Friday, December 14, 2012

Movie with Abe: Hitchcock

Directed by Sacha Gervasi
Released November 23, 2012

Alfred Hitchcock is well-known as the Master of Suspense. For decades, Hitchcock directed mysteries and thrillers and kept movie-going audiences on the edge of their seats. His trademark was a momentary cameo in each of his films, a shot of him walking or asking a question that would have gone unnoticed if not for his distinctive physical form. In Sacha Gervasi’s film, Hitchcock steps out from behind the camera to star in his own story, an examination on a man living through his imagination that is initially intriguing but ultimately leaves much to be desired.

Like another notable biopic released this year, “Lincoln,” this story chooses a figure known for an illustrious career with many accomplishments and zeroes in on one particularly memorable and uncertain time. The production of “Psycho,” a film about which none besides Hitchcock himself were optimistic, has the makings of a great movie subject. The entire story is told tongue-in-cheek, since everyone repeatedly emphasizes the failure potential of “Psycho” and that people would be simply revolted by seeing a woman stabbed to death in a shower. Only Hitchcock is the wiser, believing emphatically in his vision.

The costumes and backgrounds in “Hitchcock” help to establish its 1960 setting and to make its events feel real and relevant. The way the story is told and acted, however, lacks the same energy and draw of Hitchcock’s films, presenting blunt characterizations of its principal players and unveiling its conclusive feelings about them all too early. Hitchcock in particular is portrayed very negatively, magnificently stubborn and prone to letting himself get wrapped up in his work, unable to give the rest of the world any consideration. Rather than investigative who Hitchcock was by spotlighting him at different times throughout his career, the narrow focus prevents him from displaying any sort of redeeming behavior.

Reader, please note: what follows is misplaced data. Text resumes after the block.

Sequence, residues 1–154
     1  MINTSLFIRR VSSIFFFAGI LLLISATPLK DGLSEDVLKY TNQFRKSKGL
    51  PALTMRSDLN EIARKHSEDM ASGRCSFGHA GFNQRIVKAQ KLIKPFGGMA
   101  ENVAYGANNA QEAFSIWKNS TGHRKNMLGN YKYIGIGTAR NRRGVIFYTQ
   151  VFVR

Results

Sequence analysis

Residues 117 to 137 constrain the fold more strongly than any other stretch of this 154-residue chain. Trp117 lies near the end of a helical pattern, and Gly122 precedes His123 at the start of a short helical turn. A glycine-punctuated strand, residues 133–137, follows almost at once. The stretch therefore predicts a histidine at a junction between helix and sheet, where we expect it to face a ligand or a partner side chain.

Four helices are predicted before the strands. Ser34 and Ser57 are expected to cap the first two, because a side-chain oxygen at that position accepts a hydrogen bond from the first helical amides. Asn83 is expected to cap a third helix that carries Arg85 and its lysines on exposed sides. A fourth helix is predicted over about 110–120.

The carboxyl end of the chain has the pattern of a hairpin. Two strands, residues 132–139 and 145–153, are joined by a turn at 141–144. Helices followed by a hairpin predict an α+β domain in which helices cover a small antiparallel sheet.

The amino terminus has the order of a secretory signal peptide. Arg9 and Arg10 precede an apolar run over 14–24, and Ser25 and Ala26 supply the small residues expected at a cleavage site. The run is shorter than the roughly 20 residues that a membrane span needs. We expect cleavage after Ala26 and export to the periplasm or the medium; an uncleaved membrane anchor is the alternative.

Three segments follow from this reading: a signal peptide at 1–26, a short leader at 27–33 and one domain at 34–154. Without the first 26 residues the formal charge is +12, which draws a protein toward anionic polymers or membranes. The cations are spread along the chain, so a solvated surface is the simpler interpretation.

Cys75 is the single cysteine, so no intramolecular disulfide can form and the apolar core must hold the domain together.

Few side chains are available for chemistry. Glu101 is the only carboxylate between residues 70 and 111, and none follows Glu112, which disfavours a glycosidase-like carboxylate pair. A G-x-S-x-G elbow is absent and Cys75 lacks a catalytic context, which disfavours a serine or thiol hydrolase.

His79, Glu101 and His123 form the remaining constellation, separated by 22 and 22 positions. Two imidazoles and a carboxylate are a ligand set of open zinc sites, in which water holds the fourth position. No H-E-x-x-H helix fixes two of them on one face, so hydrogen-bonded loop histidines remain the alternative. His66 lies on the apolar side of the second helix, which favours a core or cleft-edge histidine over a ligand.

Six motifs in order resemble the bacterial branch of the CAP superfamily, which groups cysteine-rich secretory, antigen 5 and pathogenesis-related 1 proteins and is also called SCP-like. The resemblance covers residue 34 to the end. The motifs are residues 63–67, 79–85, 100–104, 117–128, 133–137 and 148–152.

Getting Anthony Hopkins, so terrifically chilling as serial killer Hannibal Lecter in “The Silence of the Lambs,” to play Hitchcock seems like dream casting. Yet Hopkins is covered completely in makeup to ensure that his face resembles the director’s, and from behind that mask, his performance lacks mystery, presenting a cut-and-dry impression of the director, who speaks loudly and demands to be heard. Helen Mirren, who has been earning accolades for her portrayal of the strong-willed Mrs. Lecter, delivers a decent performance that’s hardly worthy of comparison to some of her past roles. The trip into Hitchcock’s psyche is guided by imagined conversations with Ed Gein, the serial killer who inspired both Norman Bates and Lecter, allowing Hitchcock to dream up new villains and understand their motivations. “Hitchcock” the film just can’t decide what it wants to be, alternately shaping itself as a thriller and other times having Hitchcock directly address the camera. In other words, it’s an interesting peek behind the curtain, but far from a satisfying one.


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